Tennis-Wimbledon-Make People's Sunday permanent, says Henman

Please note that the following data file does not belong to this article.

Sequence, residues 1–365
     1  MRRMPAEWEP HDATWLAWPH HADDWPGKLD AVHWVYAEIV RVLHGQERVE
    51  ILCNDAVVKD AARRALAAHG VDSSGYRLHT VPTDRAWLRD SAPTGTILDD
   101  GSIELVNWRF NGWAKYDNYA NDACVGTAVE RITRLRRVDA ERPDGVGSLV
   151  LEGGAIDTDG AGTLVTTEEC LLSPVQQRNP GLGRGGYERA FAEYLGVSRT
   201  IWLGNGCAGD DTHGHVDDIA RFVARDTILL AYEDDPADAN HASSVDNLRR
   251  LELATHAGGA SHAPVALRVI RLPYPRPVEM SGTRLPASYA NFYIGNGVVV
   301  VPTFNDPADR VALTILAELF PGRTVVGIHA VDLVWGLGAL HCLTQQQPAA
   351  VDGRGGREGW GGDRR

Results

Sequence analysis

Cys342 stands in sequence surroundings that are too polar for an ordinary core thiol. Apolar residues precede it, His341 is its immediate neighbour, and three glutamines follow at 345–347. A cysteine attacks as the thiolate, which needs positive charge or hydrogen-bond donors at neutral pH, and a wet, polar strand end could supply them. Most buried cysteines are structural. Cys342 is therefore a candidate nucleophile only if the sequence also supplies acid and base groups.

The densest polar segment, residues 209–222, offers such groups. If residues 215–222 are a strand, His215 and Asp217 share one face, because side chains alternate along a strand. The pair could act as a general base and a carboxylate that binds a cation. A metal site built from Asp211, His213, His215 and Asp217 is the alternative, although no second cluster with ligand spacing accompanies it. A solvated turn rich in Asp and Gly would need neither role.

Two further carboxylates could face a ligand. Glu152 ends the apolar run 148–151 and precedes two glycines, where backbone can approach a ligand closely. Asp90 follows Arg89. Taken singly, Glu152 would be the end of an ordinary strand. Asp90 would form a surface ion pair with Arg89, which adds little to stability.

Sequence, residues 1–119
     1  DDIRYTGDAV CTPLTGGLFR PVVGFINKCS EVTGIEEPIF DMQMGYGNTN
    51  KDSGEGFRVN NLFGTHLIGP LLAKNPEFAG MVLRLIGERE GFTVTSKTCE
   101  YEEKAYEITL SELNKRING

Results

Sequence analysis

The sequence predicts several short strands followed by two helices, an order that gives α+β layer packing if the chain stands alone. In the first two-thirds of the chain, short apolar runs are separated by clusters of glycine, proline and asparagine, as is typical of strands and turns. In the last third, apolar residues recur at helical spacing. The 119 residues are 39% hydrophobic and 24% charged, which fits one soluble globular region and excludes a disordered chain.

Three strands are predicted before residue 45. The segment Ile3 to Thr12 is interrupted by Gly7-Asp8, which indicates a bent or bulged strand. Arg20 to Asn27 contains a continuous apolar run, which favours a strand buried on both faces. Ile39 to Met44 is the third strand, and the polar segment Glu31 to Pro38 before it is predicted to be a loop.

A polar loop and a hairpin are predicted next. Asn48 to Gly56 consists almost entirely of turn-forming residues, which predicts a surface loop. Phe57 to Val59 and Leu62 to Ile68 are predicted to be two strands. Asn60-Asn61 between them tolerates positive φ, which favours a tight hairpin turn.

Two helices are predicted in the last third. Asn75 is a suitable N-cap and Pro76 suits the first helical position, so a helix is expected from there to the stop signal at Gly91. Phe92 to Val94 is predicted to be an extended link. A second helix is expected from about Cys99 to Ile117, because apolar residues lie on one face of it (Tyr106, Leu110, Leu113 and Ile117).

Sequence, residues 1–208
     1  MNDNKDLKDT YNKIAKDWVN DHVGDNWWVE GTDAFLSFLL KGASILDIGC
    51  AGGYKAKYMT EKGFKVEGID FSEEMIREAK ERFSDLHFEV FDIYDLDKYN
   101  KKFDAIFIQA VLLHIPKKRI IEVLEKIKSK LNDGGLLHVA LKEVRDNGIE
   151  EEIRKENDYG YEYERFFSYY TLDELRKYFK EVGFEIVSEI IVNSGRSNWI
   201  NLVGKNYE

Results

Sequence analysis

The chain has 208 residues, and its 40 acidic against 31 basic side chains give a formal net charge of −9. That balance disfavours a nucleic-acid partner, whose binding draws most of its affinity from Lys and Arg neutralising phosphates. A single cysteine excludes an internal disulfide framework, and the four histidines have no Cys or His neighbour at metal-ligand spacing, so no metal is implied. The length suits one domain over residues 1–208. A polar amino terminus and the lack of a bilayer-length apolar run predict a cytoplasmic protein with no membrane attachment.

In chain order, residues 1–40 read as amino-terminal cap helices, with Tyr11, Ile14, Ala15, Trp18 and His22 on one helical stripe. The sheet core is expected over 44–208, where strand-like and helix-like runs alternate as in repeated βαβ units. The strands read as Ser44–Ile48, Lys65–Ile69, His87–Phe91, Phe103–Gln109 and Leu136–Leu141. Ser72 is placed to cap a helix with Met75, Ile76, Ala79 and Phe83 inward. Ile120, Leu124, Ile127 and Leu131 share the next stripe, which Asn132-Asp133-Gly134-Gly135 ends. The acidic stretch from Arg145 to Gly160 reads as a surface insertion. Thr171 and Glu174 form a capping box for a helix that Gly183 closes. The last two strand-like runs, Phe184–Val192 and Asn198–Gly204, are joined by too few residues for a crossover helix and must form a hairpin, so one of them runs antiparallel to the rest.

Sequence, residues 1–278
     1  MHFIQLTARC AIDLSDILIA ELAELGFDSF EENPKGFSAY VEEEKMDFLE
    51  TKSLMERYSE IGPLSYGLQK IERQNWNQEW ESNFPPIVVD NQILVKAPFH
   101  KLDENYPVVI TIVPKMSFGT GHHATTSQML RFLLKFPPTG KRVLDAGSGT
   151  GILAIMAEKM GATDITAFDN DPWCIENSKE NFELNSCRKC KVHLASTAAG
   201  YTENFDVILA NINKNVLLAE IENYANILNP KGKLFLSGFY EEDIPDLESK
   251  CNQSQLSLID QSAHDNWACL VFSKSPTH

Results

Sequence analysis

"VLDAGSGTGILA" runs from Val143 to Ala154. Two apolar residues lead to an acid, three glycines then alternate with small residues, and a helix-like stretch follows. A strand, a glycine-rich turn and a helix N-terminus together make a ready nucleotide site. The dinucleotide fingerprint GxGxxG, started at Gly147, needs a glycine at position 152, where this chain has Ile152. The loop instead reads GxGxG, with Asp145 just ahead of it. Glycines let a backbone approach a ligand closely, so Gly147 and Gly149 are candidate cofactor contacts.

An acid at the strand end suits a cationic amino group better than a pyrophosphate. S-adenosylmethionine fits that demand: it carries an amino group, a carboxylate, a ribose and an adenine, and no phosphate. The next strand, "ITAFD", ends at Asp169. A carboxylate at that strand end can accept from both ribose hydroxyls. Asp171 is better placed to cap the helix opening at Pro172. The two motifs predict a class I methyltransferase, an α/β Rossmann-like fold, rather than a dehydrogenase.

— -- By Ossian Shine LONDON, June 28 - If Tim Henman had it his way, Wimbledon would stage a People's Sunday every year. Britain's sole hope for glory at the grasscourt grand slam rode a wave of patriotic support past Hicham Arazi and into the fourth round on what was supposed to be a rest day on Sunday. Now he wants the club to play 14 days out of 14 every year. "It's absolutely phenomenal. I'm fortunate with the atmosphere, when I play here on the show courts, it's great. But this is different, there's no doubting that," he said. "I'll bring in the middle Sunday when I'm chairman," he laughed. For the first time since 1997 -- and only the third time in the history of the tournament -- Wimbledon organisers were forced to schedule play on the middle Sunday because of a backlog of games caused by two days lost to rain in the first week. Tickets were sold at the gate on a first-come, first-served basis so the more staid dignitary and corporate element of the weekday crowd was not present to dampen enthusiasm. Henman revelled in the atmosphere. "I'm so fortunate that I've had that opportunity twice. I played in '97 and, you know, that was a pretty amazing match to win 14-12 in the fifth. "And, likewise, today, you know, they're true fans to be out there queuing. It was packed from the word 'go'. "I'm sure there's going to be debate whether this should happen every year. "And I can see from the club's point of view that it's a difficult thing to organise at the last minute, but from a playing point of view, it's a privilege. "I think it's great. I'm not in any way criticising the fans that come and support the other 13 days. WORKED WELL "But when you give those people the opportunity, and they've queued, they've paid, and, you know, they are obviously passionate about the game and supporting me, as it was, today, I think it's something that I think could be capitalised on, to give them the opportunity of coming to the most prestigious tournament in the world. "Everybody knows it's not easy to get tickets for this event. "I think it's something that's worked unbelievably well. You know, unfortunately at the moment, it's not for me to make the decision. But ... when I'm chairman, I'll bring it in," he smiled. "Throughout the history of this tournament there's always been a tradition of the queuing, and it starts on Friday before the tournament. I think for the Sunday, it would be no different. "In Paris they have a Kids' Day on Wednesdays and they get a phenomenal turnout. I'm sure it's a good thing for the game over there. Perhaps this is something that we could use." However not everyone was thrilled by the atmosphere. As fans clamoured to get onto Centre Court to watch Henman beat Arazi, other courts were left sparsely populated. South Africa's Wayne Ferreira was one who was disappointed, playing in his final Wimbledon. "It was really disappointing there weren't that many people out there," he said after losing on court seven. "What can you do about it?" Even court one was no way near full. "Yeah, it's strange," said women's fourth seed Amelie Mauresmo after beating Ludmila Cervanova. "But I guess people maybe were not ready to come today and were not expecting that day to be a tennis day here at Wimbledon. So, pretty strange ..."